Chris McDougall’s Born to Run

Born to Run by Chris McDougall

Born to Run by Chris McDougall

An extraordinary and compelling read, which has completely challenged my perception of running and the lifestyle it can offer. Not to mention the physical capacity of human beings! There are two main themes within ‘Born to Run’. One is a story about camaraderie, told through our introductions to Caballo Blanco, or the “White Horse” (an American expat living in the Mexican wilderness), the Tarahumura (natives of North Mexico who have profound love for running unbelievable distances in the inhospitable Copper Canyon) and some of North America’s best ultramarathon runners (i.e Scott Jurek). The other main theme of this book explores the notion that humans are ‘born to run’ – McDougall suggests our bodies have evolved for this very purpose.

This book is an inspiration. McDougall illustrates that we can not only run long distances in incredibly challenging environments, but that we can also have fun while we do it!  I’ve had an interest in sports for the best part of 20 years and completed both a Sports and Exercise Science degree and Masters in Physiotherapy. Despite my training, I’m embarrassed to say I didn’t know it was physically possible for humans to perform such amazing feats of endurance as are presented in this book. Have you heard of the punishing Leadville 100 mile (!!!)  ultramarathon held every year in the Rockies? Or how about a race that pits humans against horses in a 50 mile (80 Kilometre!) race? I hadn’t either and was blown away. There are many other fascinating tales interwoven throughout the book that compel you to continue turning the pages.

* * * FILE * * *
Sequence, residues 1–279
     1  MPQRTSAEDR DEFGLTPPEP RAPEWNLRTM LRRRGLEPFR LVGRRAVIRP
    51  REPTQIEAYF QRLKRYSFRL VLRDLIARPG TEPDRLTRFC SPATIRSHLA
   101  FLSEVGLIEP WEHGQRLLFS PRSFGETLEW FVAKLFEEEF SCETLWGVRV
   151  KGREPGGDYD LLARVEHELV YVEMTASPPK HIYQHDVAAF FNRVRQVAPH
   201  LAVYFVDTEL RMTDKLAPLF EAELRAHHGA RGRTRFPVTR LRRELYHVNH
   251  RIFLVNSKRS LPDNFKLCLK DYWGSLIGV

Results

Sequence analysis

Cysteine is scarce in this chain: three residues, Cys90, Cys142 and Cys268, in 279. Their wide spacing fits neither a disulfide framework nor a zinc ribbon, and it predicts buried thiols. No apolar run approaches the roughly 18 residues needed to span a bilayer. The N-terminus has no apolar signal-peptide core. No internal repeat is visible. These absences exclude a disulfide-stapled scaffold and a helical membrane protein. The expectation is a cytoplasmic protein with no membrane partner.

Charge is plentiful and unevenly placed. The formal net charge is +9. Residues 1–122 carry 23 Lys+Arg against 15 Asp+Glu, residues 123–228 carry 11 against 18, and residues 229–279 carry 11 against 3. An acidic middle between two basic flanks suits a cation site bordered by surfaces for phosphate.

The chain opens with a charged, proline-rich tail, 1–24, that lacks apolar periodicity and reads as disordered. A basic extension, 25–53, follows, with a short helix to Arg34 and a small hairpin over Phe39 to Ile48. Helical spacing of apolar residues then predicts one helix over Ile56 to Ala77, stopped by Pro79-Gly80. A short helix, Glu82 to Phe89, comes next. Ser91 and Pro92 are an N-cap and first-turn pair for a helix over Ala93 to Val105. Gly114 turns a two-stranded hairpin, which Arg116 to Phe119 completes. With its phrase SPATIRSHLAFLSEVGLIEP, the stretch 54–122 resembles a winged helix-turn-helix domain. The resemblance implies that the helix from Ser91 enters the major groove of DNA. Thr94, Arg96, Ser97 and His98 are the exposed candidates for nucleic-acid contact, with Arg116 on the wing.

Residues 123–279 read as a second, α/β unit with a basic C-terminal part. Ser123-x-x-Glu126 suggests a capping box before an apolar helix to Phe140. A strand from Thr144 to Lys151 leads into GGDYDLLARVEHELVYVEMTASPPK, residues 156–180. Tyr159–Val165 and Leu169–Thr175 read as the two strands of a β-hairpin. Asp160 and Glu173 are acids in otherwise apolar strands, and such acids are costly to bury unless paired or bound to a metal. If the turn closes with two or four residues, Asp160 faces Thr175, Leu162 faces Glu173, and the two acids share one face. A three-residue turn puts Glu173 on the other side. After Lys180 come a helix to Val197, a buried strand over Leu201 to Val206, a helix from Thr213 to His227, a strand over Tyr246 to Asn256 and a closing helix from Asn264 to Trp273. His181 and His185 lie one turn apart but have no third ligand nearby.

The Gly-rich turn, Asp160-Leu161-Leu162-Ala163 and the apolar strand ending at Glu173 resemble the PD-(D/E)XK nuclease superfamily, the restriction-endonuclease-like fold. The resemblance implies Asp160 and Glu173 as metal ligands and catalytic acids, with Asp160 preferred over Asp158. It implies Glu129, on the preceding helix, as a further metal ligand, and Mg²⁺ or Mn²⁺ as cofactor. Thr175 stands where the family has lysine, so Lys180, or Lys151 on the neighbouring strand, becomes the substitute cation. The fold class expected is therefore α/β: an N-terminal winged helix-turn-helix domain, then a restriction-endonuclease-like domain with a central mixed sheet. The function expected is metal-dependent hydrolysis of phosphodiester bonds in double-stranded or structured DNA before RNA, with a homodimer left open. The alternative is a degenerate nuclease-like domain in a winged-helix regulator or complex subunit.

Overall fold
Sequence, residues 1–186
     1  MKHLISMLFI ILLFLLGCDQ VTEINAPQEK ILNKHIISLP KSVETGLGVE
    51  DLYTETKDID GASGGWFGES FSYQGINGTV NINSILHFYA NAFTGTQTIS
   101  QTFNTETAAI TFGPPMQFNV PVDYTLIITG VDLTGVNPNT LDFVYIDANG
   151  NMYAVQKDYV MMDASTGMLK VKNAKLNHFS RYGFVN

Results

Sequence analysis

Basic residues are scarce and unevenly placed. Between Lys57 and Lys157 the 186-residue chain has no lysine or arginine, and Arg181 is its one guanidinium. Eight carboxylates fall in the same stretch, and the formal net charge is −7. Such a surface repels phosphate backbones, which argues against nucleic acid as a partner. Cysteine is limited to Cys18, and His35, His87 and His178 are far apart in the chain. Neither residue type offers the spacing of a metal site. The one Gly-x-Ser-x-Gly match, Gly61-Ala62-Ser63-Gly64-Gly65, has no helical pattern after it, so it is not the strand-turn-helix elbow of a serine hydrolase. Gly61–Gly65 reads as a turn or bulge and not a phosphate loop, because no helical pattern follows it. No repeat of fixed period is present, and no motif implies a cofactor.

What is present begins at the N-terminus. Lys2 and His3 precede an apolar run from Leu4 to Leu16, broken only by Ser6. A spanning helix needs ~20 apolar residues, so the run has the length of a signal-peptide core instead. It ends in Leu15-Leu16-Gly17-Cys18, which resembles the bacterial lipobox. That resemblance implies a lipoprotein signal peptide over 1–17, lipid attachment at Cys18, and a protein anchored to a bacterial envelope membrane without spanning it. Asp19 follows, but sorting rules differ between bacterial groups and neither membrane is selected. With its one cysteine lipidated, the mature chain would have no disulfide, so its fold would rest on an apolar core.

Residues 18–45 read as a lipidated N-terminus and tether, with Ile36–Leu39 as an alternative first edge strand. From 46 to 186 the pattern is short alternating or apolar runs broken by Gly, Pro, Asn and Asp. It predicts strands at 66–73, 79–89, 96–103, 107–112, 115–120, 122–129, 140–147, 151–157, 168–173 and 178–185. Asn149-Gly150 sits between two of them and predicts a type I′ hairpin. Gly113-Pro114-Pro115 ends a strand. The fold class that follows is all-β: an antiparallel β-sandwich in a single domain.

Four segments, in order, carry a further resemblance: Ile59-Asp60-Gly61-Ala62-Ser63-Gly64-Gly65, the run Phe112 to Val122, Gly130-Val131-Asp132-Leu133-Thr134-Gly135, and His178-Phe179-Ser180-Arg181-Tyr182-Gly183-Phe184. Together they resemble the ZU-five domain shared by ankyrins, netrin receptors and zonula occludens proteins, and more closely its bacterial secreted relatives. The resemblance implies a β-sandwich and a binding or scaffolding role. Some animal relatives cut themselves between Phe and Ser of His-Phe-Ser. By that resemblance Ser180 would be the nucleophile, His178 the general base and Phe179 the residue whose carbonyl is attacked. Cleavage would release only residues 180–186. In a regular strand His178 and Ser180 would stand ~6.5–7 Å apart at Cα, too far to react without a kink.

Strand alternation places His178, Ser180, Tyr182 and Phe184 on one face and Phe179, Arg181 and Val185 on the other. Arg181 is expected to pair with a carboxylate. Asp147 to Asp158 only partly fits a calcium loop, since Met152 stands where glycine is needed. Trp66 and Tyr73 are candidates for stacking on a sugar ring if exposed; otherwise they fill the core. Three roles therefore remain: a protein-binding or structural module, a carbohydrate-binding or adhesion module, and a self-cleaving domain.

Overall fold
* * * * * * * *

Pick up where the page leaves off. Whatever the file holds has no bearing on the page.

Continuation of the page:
Barefoot running is of course raised in ‘Born to Run’, and indeed it prompted me to research the concept and has helped facilitate the popularity of barefoot running. However readers should be aware that some of the scientific evidence presented on the topic may not be credible and that the theme of barefoot running is only a relatively small part of this wonderful book. Never the less the information presented is more than enough for me!

This book presents intriguing results of research from a myriad of scientific arenas, including anthropology, exercise physiology, physiotherapy and podiatry. This information is delivered with McDougall’s ‘everyman’  style and infectious enthusiasm, which leaves you convinced that we should all be out running (barefoot even) as much as possible.

You don’t need to have a background in health, science or running to appreciate this book – McDougall writes with ease and humour, making it accessible to everyone. And so I recommend you to read this book, if you haven’t already, and I challenge you not to feel compelled to go out and run!

Further Reading:
Chris McDougall’s Blog
Chris McDougall on The Daily Show
By Sam

BM in Sport and Exercise and BA in International studies (German Major) completed at the University of Technology, Sydney.
Master of Physiotherapy at the University of Sydney.

Interests: I am an exercise enthusiast full stop! I play or have played football, tennis, basketball and dabbled in waterpolo and underwater rugby! Recent sporting interests are cycling and barefoot running! I also love watching all codes of football/rugby.

Physiotherapy: Due to my interests in sport and health I am fascinated in human movement and physiology. In addition to musculoskelatal physiotherapy I’m also interested in neurological (stroke, brain injury and spinal cord injury rehab), and cardiopulmonary (heart and lung function and rehabilitation) physiotherapy:

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